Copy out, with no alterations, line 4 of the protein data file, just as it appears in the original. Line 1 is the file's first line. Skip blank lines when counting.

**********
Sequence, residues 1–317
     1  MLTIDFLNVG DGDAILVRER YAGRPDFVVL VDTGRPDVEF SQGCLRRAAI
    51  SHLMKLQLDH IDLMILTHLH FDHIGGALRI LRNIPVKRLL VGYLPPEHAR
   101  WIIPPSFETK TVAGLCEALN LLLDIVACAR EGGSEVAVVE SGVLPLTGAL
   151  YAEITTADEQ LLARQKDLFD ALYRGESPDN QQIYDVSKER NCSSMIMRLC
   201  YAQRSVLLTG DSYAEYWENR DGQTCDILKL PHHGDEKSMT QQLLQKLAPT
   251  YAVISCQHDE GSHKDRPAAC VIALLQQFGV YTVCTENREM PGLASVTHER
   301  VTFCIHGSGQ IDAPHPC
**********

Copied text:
   101  WIIPPSFETK TVAGLCEALN LLLDIVACAR EGGSEVAVVE SGVLPLTGAL